A video that was found on the laptop of Anthony Weiner, the former Democratic congressman who was jailed in 2017 for sexting with a minor, began circulating on the “dark web.” The video was found in a folder on the laptop’s hard drive called “life insurance” and was named “frazzledrip.”

The bogus report says the video — which, for clarity, does not exist on the dark web or anywhere else — shows Hillary Clinton and Huma Abedin, Weiner’s former wife and long-time Clinton aide, raping and mutilating a young girl. Specifically, the video is supposed to show Clinton filleting the young girl’s face, and then taking turns with Abedin to wear the girl’s face as a mask in order to purposefully terrify the child so that her blood would be flooded with adrenochrome. The girl then bleeds out before Clinton and Abedin drink the blood during a Satanic ritual sacrifice.

But the horrific conspiracy theory didn’t end there. QAnon supporters also spread the rumor that multiple officers from the New York Police Department who saw the video had been killed by Clinton, who then covered up the murders by making them look like suicides.

In May 2018, just a month after YourNewswire first spread the frazzledrip conspiracy, Greene posted a picture of the mother of slain New York Police Department Detective Miosotis Familia with former President Donald Trump, a post first flagged by Media Matters for America, a progressive media watchdog.

Under the post, a commenter wrote: “This is the mother of a NYPD officer who watched a horrific video seized on anthony weiners laptop of huma and hillary filleting a childs face. This was another hillary hit.” 

Greene liked that comment and replied: “Yes Familia.” 

In another comment, Greene appeared to lean further into the conspiracy: “I post things sometimes to see who knows things. Most the time people don’t. I’m glad to see your comment. I’ve decided it’s time to start doing a lot more videos and engage further in the fight. Most people honestly don’t know so much. The [mainstream media] disinformation warfare has won for too long!”

Most of the millions of Americans who have been brainwashed by the QAnon cult over the last 12 months have been exposed not to the extreme dark side of the conspiracy, but to a lighter version, pushed by hijacking the Save the Children message and eschewing any overt link to QAnon and its origins.

Greene has repeatedly tried to distance herself from links to QAnon, which recently played a central part in the Capitol riots, but she has never disowned the conspiracy movement. And this latest revelation shows that Greene is not just flirting with the fringes of this conspiracy theory, but embracing its darkest corners.

On Tuesday, CNN reported that Greene had endorsed calls, made on Facebook, to execute Democrats. Greene claimed that these problematic posts were all the fault of her “team.”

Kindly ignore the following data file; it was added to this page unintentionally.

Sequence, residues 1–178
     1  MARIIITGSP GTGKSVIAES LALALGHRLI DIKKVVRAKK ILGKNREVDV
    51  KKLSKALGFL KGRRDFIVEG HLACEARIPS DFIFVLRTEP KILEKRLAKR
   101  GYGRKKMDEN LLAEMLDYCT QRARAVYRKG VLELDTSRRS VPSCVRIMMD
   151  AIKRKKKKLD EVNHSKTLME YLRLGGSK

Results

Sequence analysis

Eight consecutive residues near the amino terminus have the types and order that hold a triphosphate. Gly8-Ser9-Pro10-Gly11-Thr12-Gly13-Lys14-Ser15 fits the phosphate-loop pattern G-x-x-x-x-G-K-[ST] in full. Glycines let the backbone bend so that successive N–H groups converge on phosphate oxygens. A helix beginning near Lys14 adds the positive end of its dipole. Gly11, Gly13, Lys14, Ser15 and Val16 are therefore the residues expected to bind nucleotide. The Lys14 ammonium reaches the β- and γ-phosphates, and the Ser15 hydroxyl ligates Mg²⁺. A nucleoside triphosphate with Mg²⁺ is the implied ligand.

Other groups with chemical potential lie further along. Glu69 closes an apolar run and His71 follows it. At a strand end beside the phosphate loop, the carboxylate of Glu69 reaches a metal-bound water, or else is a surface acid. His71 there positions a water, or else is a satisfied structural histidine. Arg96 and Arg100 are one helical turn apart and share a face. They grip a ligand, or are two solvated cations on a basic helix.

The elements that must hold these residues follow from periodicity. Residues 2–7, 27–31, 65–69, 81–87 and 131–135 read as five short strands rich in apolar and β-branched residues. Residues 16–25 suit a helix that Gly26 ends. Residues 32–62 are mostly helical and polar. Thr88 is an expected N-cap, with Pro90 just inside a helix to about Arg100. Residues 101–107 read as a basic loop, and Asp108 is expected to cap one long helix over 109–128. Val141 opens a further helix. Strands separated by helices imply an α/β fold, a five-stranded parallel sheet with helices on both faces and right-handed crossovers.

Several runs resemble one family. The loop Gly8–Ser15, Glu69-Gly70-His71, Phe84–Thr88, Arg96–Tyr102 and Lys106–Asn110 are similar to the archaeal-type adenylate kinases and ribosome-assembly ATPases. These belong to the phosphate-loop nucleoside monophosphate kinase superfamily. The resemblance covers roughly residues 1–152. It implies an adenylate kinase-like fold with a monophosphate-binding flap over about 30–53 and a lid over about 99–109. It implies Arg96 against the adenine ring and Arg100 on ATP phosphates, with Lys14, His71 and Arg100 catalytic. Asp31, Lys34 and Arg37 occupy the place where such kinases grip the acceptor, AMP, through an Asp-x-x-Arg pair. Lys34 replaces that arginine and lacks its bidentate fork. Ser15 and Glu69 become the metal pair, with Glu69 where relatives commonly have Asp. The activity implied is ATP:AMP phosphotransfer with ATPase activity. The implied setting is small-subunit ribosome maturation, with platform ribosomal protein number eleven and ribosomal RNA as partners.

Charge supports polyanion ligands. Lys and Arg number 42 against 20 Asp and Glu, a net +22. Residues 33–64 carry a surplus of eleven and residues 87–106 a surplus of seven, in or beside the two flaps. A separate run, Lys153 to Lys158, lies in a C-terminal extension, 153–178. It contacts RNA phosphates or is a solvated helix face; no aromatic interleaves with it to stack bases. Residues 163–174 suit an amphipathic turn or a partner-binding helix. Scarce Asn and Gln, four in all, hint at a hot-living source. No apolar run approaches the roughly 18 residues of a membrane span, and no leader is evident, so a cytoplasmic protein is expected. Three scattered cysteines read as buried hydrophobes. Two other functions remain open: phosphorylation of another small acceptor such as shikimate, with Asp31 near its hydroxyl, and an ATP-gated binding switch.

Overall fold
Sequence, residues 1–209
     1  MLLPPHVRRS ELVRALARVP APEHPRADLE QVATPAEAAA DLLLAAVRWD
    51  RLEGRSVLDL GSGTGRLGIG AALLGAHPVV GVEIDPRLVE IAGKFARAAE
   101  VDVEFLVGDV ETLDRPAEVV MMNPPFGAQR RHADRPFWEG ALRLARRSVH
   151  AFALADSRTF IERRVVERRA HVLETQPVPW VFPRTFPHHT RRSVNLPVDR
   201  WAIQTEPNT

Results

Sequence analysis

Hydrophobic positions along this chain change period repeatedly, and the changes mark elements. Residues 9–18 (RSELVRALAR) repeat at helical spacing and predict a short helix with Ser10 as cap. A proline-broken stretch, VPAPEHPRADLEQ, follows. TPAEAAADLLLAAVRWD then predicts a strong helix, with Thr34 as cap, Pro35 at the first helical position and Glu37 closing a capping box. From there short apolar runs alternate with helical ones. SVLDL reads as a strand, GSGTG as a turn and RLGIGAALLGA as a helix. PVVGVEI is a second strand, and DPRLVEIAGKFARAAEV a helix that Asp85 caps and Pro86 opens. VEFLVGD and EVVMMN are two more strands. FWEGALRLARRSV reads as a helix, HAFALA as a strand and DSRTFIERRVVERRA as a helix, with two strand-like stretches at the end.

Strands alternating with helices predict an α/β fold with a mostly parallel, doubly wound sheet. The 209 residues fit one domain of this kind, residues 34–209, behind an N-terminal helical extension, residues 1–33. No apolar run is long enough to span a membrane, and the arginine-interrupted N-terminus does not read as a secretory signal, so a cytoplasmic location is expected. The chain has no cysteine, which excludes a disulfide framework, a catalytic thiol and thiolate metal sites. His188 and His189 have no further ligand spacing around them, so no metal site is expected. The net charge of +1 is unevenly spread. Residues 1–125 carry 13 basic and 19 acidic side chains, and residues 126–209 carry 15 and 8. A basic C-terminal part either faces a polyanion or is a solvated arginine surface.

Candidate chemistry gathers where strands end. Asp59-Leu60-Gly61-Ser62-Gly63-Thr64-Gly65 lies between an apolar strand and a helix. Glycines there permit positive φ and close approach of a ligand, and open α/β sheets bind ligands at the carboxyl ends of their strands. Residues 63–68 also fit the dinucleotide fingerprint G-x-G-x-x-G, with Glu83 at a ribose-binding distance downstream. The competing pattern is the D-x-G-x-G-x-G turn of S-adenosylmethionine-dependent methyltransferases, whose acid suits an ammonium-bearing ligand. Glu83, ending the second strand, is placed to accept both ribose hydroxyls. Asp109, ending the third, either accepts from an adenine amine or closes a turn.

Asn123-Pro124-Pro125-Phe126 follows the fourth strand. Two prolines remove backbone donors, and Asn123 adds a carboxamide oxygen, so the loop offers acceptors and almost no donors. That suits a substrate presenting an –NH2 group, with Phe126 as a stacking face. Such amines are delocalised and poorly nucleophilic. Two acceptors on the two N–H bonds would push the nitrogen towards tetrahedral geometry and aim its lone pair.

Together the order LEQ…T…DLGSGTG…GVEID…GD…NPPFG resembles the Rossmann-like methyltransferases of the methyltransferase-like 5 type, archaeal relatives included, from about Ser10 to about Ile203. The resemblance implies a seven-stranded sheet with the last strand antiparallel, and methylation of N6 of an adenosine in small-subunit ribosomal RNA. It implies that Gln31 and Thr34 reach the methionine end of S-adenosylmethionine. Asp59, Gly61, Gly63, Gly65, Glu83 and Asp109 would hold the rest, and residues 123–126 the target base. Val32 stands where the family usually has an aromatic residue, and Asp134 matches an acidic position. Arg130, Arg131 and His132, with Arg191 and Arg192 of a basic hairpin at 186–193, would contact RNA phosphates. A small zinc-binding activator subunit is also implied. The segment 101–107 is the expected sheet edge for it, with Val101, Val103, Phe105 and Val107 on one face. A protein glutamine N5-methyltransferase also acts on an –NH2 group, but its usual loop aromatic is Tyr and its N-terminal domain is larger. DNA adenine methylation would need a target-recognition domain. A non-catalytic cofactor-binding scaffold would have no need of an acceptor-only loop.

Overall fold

“Over the years, I’ve had teams of people manage my pages. Many posts have been liked. Many posts have been shared. Some did not represent my views. Especially the ones that CNN is about to spread across the internet,” she wrote.

In that case, Greene has some serious questions to ask her team, because not only has her Facebook account endorsed executing Democrats and embraced the unhinged frazzledrip conspiracy, it has also promoted 9/11 conspiracy theories and called the Sandy Hook and Parkland school shootings “false flag” events. It labeled Parkland survivor David Hogg a “#littleHitler.” And it liked a meme that claimed some of her now-Democratic congressional colleagues have used the Deferred Action for Childhood Arrivals program for human trafficking, pedophilia, and organ harvesting.

And what is the Republican leadership doing about the horrific conspiracy theories being peddled by one of its newest members of Congress?

Apparently, House Republican leader Kevin McCarthy “plans to have a conversation with the Congresswoman about them.”

That should sort everything out.

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Senate Republicans Just Showed They’re Not Going To Back Trump’s Impeachment

Senator Rand Paul, a Republican from Kentucky, speaks to members of the media while waiting for the Senate Subway inside the U.S. Capitol building in Washington, D.C., U.S. on Tuesday, Jan. 26, 2021.

Senator Rand Paul, a Republican from Kentucky, speaks to members of the media while waiting for the Senate Subway inside the U.S. Capitol building in Washington, D.C., U.S. on Tuesday, Jan. 26, 2021. (Photographer: Ting Shen/Bloomberg via Getty Images)

Welp, so much for consequences.

The Senate voted 55-45 on Tuesday to go ahead with former President Trump’s impeachment trial, proving that there’s nowhere near the 67 votes needed to convict him.

Just five of 50 Senate Republicans agreed with Democrats that Trump’s impeachment trial was even constitutional on a vote that knocked down a motion from Kentucky Sen. Rand Paul to dismiss the trial on procedural grounds.

Paul called the trial to determine whether Trump incited an insurrection against Congress an “unconstitutional sham.”

He was joined by nearly all of his colleagues—including Senate Minority Leader Mitch McConnell, who previously said that the mob that attacked the U.S. Capitol and endangered the lives of lawmakers was “provoked by the president.” McConnell had promised to seriously consider the Senate trial on its merits, but Tuesday’s vote reveals his acceptance of the theory that Trump can’t be impeached.  The only way a critical mass of  Republicans would vote for conviction is if McConnell decided to back it and brought along other establishment-minded lawmakers.